Methotrexate (MTX) is used to treat certain types of vasculitis. For Wegener’s Granulomatosis, it is used as a maintenance drug. Like any drug used for suppressing the immune system, methotrexate has good aspects and bad aspects.
The following list contains the possible side-effects of this drug:
- A small number of patients will have nausea or develop a mouth ulcer. To counteract this problem some patients take the drug as a shot.
- Pneumonitus (inflammation of the lungs) which mimics pneumonia with cough and fever. This side-effect can happen at any time in the treatment (beginning or after several years).
- Liver problems such as scarring or cirrhosis.
- Anemia (low red blood count) which causes fatigue.
- Thrombocytopenia (low platelets), which leads to a higher risk of bleeding.
- Leukopenia (low white blood count) which may increase the risk of infections.
- A slightly increased risk of developing lymphoma, a type of caner after taking MTX.
Prevention of MTX side-effects:
- Blood test every 4-6 weeks.
- Take 1 mg of folic acid every morning
- Follow-up with your doctor (rheumatologist) regularly
- Keep in close contact with your primary care physician.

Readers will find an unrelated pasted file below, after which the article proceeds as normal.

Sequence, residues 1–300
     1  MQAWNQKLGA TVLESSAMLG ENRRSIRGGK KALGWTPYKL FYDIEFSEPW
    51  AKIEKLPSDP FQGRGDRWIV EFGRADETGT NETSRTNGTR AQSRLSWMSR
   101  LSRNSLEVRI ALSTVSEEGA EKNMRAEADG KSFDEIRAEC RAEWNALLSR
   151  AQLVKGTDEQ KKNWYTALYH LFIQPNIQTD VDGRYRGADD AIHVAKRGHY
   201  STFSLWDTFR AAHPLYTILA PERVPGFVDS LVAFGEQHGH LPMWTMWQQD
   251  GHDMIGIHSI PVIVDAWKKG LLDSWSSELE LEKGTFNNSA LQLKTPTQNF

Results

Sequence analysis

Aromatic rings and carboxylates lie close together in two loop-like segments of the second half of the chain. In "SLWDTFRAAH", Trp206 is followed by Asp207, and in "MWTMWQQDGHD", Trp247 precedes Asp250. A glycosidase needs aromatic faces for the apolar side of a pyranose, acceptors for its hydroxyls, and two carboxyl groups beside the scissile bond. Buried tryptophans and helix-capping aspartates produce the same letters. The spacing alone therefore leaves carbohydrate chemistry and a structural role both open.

My experience with MTX:
My first maintenance drug after cytoxan was MTX. I took 12 1/2 mg of the drug for almost a year. That level was unable to contain my WG. I had to go back to oral cytoxan for 6 months.
After talking to other patients about taking this drug, I found that they are on 25 mg and higher. Because it is hard to take this drug orally at this amount (25 mg), they take it as a weekly shot. Some of them take up to 5 mg of folic acid to prevent mouth ulcers.
The day they take the drug, they are usually fatigued and nauseous. Not everyone has these symptoms, but they all say that they feel fatigued for at least 24 hours. Evenso, this drug is much gentler than cytoxan and many WG patients are relieved when they change from cytoxan to MTX.
For more information on this drug go here.